The market is overflowing with hordes of point and shoot cameras. With the increasing number of cameras, it isn't an easy task to distinguish and pick the right one, given that every new addition emerges with slight tweaks, here and there. Augmenting the list, Nikon brought in the new S6200 along with the S6150 in August, this year. The compact camera caters to the budget market, just like its predecessor S6100. The S8150 features almost similar characteristics as the S6100, except for its touchscreen abilities. On the other hand, the S6200 has been ‘considerably’ improved. The highlight of the device is its wide 10x zoom, along with improved attributes like battery life and more internal memory.
Nikon COOLPIX S6200 front
Design and Build quality
The S6200 is a compact camera with similar design elements as the S6150. Although it weighs lesser than both S6100 and S6150, at 160 grams it looks slightly bulky, compared to the sleek cameras that enter the market these days. It is available in vivid colors - blue, pink, white, silver, red and black. We received the blue variant, which wasn't eye appealing to many. The metallic blue look drapes the entire front and edges of the body and the rear portion is black. In fact, at the first glance, the display portion looked, so distinct that one could mistake it for a display that swivels.
Nikon COOLPIX S6200 rear
It embeds a 2.7-inch display on the right, while the left side embeds a five-way navigation wheel, scene button, playback button, recording button, menu and delete buttons. On the lower side, you’ll find a tripod mount and compartments for the USB/AV out connections, battery and memory card. The front has the flash and AF assist. The main shutter release button is surrounded by a zoom ring, stereo and power buttons on the top edge. Overall, the build quality is sturdy; the compartment flaps can be easily pushed back into place. The plastic buttons are firmly placed with a dedicated area to place your thumb.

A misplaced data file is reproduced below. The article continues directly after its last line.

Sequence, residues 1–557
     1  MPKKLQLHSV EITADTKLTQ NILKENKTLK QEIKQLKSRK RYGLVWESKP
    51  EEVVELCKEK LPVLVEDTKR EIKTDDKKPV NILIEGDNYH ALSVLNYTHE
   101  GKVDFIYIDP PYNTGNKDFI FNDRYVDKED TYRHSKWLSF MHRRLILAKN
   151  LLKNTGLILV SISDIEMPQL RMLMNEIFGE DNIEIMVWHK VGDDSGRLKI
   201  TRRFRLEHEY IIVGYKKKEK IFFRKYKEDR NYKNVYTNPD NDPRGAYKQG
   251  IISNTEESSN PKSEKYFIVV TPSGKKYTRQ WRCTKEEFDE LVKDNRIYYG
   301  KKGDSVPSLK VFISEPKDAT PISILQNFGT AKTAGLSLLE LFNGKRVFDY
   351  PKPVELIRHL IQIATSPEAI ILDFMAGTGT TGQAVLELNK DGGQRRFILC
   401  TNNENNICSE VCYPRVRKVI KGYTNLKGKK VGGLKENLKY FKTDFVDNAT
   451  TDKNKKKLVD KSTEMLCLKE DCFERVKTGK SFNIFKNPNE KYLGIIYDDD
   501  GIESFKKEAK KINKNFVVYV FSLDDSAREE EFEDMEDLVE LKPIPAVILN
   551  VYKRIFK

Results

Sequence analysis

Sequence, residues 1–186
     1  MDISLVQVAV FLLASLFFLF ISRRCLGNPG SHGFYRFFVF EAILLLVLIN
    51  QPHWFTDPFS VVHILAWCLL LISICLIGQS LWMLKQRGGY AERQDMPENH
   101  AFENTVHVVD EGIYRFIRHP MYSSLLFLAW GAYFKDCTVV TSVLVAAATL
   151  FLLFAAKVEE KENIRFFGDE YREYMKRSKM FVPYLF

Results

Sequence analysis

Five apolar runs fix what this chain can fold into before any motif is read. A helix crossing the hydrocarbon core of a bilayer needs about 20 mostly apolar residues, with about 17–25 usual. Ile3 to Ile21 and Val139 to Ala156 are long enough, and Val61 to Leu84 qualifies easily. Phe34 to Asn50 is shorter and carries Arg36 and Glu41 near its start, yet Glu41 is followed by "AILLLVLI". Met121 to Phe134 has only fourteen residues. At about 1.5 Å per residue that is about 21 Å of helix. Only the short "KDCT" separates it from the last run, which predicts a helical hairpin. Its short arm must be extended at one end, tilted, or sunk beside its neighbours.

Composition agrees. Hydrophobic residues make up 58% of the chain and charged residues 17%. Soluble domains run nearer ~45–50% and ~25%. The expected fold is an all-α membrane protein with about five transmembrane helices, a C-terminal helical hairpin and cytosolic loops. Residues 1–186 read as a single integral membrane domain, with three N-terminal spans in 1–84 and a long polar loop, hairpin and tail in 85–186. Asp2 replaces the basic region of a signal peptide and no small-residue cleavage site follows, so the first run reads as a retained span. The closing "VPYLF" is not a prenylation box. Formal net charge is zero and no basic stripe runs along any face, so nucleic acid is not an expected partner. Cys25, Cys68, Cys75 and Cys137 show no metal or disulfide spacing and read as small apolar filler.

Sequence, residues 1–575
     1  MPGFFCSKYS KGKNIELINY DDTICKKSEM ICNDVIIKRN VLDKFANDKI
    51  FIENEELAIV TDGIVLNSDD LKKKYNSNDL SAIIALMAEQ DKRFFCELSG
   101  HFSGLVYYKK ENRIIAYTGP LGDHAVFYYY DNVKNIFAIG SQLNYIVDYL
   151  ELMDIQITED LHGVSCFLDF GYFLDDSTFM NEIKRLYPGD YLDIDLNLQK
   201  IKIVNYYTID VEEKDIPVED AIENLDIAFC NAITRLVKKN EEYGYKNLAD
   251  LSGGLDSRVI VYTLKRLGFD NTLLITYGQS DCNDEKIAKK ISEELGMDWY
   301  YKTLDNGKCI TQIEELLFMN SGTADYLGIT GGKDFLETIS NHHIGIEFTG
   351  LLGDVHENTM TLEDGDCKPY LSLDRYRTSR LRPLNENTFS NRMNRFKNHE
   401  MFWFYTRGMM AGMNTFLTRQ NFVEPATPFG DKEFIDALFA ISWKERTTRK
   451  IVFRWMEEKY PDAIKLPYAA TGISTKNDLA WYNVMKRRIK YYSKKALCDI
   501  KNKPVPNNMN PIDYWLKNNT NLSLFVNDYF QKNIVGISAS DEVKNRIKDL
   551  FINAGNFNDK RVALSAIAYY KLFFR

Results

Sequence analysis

The camera equips a 16 megapixel sensor with 10x optical zoom with image stabilization present on the camera. Nikon claims that their EXPEED C2 image processing engine should help users click good photos at high sensitivity sensor settings. Nikons says that their noise reduction feature offers good performance, even at ISO 1600 (using automatic ISO sensitivity adjustment) and ISO 3200 (with manual ISO sensitivity). The user interface is simple and it doesn’t take much time to get the hang of it. The look of the user interface is similar to that found on some of Nikon’s DSLRs, however the ones on this don’t feel as refined. It is a little sluggish as well.
The main menu button takes you directly to the shooting menu. Press the Scene button, and you get 19 scene presets to choose from. The subject tracking feature works, rather well once you lock the target. The ISO sensitivity range start at 80 and go up to 3200. It comes with hand held/tripod night landscape detection function. During hand held shooting, it increases the ISO sensitivity and shutter speed to reduce blur while night shots. On tripod, it automatically decreases ISO settings and shutter for brighter nighttime shots and less noise as possible. This is one of the unique features that we’ve seen on a point and shoot cameras. A set of special effects include Soft, High key, Low key, Nostalgic sepia, High-contrast monochrome and Selective color options, while filter effects, include - Cross screen, Fisheye, Miniature effect, Painting, Soft and Selective. It also supports shooting videos at 720p at a good 30fps. A minute of video takes about 42 MB of space on the memory card. Videos are recorded in the MOV format.